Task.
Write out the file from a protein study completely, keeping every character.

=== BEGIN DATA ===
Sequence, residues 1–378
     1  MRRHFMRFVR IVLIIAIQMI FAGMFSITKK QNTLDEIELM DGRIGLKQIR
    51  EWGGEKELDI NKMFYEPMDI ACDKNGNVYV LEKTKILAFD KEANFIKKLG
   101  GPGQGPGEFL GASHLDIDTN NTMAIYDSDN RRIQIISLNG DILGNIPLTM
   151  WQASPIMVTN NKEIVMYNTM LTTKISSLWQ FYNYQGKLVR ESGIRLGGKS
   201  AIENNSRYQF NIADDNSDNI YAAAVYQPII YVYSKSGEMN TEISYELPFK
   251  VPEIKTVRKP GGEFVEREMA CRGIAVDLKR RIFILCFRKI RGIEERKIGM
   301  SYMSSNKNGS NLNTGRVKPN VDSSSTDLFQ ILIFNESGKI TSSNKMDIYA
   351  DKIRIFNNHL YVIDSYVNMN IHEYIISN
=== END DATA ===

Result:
Sequence, residues 1–378
     1  MRRHFMRFVR IVLIIAIQMI FAGMFSITKK QNTLDEIELM DGRIGLKQIR
    51  EWGGEKELDI NKMFYEPMDI ACDKNGNVYV LEKTKILAFD KEANFIKKLG
   101  GPGQGPGEFL GASHLDIDTN NTMAIYDSDN RRIQIISLNG DILGNIPLTM
   151  WQASPIMVTN NKEIVMYNTM LTTKISSLWQ FYNYQGKLVR ESGIRLGGKS
   201  AIENNSRYQF NIADDNSDNI YAAAVYQPII YVYSKSGEMN TEISYELPFK
   251  VPEIKTVRKP GGEFVEREMA CRGIAVDLKR RIFILCFRKI RGIEERKIGM
   301  SYMSSNKNGS NLNTGRVKPN VDSSSTDLFQ ILIFNESGKI TSSNKMDIYA
   351  DKIRIFNNHL YVIDSYVNMN IHEYIISN